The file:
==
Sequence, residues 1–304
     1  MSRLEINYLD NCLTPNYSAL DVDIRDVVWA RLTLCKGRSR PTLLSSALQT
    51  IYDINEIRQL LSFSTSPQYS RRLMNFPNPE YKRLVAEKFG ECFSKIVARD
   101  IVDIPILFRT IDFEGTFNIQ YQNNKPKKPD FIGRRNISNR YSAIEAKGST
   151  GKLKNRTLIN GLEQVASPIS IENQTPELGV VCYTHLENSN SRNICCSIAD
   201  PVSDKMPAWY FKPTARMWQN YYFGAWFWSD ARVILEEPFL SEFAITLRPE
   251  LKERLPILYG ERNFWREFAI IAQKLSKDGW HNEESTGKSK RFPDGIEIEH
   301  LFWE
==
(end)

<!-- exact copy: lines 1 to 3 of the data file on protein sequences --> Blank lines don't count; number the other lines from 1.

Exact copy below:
Sequence, residues 1–304
     1  MSRLEINYLD NCLTPNYSAL DVDIRDVVWA RLTLCKGRSR PTLLSSALQT
    51  IYDINEIRQL LSFSTSPQYS RRLMNFPNPE YKRLVAEKFG ECFSKIVARD